Lee Skolnick is an architect who’s interested in leading the aesthetic, philosophical and sometimes political debate about the overlaps between architecture, art and nature.
He’s also chairman of the board for Architecture Omi, which, not coincidentally, is dedicated to exploring the same debate. It’s a non-profit institution that offers a 60-acre site to fosters and cultivates the production of physical installations like pavilions, earthworks, landscape interventions, constructed environments.
In addition, the program encourages the integration of all varieties of related media, ideas, propositions and theoretical musings in a laboratory-style setting.
“Architects come up and do installations on the land,” he says. “It’s a way to do what can’t do in professional life, and that’s experiment. You can do it in school but not in the real world.”
Last year it was a pair of Cuban architects. This year, it’s a group of students from the Architectonics Design Studio at the Cooper Union School of Architecture.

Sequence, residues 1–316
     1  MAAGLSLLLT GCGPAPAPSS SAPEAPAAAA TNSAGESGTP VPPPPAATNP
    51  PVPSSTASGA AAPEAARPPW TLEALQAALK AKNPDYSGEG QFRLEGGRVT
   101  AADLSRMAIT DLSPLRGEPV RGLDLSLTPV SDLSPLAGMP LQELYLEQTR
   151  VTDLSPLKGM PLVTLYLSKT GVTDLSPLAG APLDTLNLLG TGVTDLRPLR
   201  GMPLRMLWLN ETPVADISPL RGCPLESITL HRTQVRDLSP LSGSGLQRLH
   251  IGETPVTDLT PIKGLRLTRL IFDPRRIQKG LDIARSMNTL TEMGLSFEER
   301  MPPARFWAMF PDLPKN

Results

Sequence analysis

“We met with the first year design studio, and they went up to site early in the semester,” he says. “They completely documented the site, brought that to Cooper Union to construct it in the studio. Now they’re constructing it at Omi, and it opens this weekend.”
Their project itself is homage to Leddeus Wood, their professor of architecture and an architect who passed away this year. His work, Skolnick says, was about drawing, fantasy and reality, and creating an ideal world.
It’s project designed to orient visitors within the site. There are lines of sight and a procession through the site and a wooded area, with axes. It’s also a functional program about the mission of art Omi, with dancers, musicians, visual artists, and writers. Conceived as a place where they can share their work with the public, the students have designed venues for musicians and a pavilion in the landscape.
“It’s hard to describe,” Skolnick says. “It’s a laboratory for architectural education and an intervention in nature for people to experience and to think about their relationship with nature.”
And the proper place for a debate about its relationship to art and architecture.
For more information, go to http://www.artomi.org/
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